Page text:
• HOME
  • Spiders
  • Beetles
  • Bees & Ants
  • Butterflies & Moths
  • Grasshoppers & Crickets
  • Dragonflies & Damselflies
  • True Bugs
  • Insects By State
  • Crab Spider - (Mecaphesa spp.)

    Crab Spider - (Mecaphesa spp.)

    With long, outstretched front legs, Crab Spiders bear a resemblance to their crustacean cousins though they don't always walk sideways.


    Staff Writer (8/24/2017): Crab Spiders are commonly seen in flowers where they wait for insects to wander by. Fast and agile, the Crab Spider can capture a fly, bee, or beetle and inject venom to paralyze it. Strong jaws help Crab Spiders secure a meal and their strong legs carry it back to a retreat for consumption. The species of Crab Spiders in the Mecaphesa genus have tiny hairs protruding from the head, legs, and body. Look for them on flowers, under petals or on adjacent leaves.

    ©2005-2017 www.InsectIdentification.org. All Rights Reserved. No Reproduction Permitted. Unauthorized use and/or duplication of this material without express and written permission from www.InsectIdentification.org is strictly prohibited. Material presented throughout this website is for entertainment value and should not to be construed as usable for scientific research or medical advice (insect bites, etc...). Please consult licensed, degreed professionals for such information. Email corrections / Comments to InsectIdentification at Gmail dot com.


    Details of the:
    Crab Spider


    Category: Spider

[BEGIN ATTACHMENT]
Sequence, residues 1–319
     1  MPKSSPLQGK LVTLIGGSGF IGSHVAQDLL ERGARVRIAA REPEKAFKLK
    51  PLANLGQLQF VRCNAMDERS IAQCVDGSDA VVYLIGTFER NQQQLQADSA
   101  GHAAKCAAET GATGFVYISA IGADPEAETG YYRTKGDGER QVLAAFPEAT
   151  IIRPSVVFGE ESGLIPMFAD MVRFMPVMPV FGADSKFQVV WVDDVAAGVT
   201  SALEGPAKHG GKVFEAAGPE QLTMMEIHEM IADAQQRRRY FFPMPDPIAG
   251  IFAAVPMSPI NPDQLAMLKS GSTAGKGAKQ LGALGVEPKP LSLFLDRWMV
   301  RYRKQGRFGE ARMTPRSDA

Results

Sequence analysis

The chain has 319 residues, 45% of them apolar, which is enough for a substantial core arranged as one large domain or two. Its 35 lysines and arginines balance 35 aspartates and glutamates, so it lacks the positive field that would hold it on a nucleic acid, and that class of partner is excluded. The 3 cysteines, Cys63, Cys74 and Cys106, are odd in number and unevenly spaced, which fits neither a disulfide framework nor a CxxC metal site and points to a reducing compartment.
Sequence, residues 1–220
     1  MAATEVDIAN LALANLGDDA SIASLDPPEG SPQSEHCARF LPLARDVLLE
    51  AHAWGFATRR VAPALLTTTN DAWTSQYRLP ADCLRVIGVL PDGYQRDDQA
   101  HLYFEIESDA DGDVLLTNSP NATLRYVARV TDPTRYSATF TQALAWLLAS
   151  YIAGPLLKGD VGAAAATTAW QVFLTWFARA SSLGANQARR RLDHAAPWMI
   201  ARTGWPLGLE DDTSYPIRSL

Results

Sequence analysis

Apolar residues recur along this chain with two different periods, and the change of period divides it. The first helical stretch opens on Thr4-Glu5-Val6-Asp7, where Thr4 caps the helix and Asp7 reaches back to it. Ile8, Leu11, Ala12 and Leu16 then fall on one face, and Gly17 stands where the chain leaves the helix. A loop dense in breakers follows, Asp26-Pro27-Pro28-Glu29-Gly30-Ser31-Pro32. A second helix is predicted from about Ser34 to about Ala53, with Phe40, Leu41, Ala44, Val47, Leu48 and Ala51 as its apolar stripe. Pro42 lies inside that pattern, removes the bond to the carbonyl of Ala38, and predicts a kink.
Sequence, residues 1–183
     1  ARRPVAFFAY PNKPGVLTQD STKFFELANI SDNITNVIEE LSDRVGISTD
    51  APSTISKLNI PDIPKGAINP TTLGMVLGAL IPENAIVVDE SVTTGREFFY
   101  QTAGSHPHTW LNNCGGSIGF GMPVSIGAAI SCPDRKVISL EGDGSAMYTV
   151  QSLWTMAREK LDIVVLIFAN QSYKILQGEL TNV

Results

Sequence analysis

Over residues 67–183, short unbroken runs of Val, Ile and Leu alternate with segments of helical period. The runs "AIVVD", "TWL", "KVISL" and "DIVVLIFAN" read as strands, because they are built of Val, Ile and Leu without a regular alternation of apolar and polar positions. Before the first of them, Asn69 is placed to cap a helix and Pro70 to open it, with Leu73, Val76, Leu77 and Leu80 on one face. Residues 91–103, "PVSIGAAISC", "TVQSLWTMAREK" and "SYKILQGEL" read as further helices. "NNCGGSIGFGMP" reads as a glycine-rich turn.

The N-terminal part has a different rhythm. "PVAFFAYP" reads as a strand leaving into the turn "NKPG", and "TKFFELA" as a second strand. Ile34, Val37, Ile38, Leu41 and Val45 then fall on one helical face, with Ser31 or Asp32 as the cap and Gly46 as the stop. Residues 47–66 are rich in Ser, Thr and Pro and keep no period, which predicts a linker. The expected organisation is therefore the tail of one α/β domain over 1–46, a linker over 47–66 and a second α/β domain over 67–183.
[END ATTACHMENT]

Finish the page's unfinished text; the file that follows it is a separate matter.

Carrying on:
Common name: Crab Spider
    Scientific Name: Mecaphesa spp.
    Other Names: Flower Spider

    Taxonomy:
      Kingdom: Animalia
       Phylum: Arthropoda
        Class: Arachnida
         Order: Araneae
          Family: Thomisidae
           Genus: Mecaphesa
            Species: spp.





    Size (Adult, Length): 5mm to 10mm (0.20in to 0.39in)

    Identifying Colors: yellow, green

    Additional Descriptors: hairy, lime, bright, legs, wide


    North American Reach (Though Not Limited To*): Alabama; Alaska; Arizona; Arkansas; California; Colorado; Connecticut; Delaware; Florida; Georgia; Hawaii; Idaho; Illinois; Indiana; Iowa; Kansas; Kentucky; Louisiana; Maine; Maryland; Massachusetts; Michigan; Minnesota; Mississippi; Missouri; Montana; Nebraska; Nevada; New Hampshire; New Jersey; New Mexico; New York; North Carolina; North Dakota; Ohio; Oklahoma; Oregon; Pennsylvania; Rhode Island; South Carolina; South Dakota; Tennessee; Texas; Utah; Vermont; Virginia; Washington; West Virginia; Wisconsin; Wyoming; Alberta; British Columbia; Manitoba; New Brunswick; Newfoundland and Labrador; Nova Scotia; Ontario; Prince Edward Island; Quebec; Saskatchewan; Mexico


    * Keep in mind that an insect's reach is not limited by lines on a map and therefore may appear in areas/regions/states beyond those listed above.





    BUGFINDER: What Kind of Bug is This...
    BUGFINDER allows for a quick search of the Insect Identification database by selecting primary color, secondary color, number of legs and the territory / state in question. If only one color is present on your insect, select it again as its SECONDARY color. Remember that the more details you can offer, the better your chances of finding a match. As a rule of thumb, six legs are typical for most insects whereas spiders generally have eight legs.
    Primary Color:
    Secondary Color:
    Number of Legs:
    State / Province:
    General Category: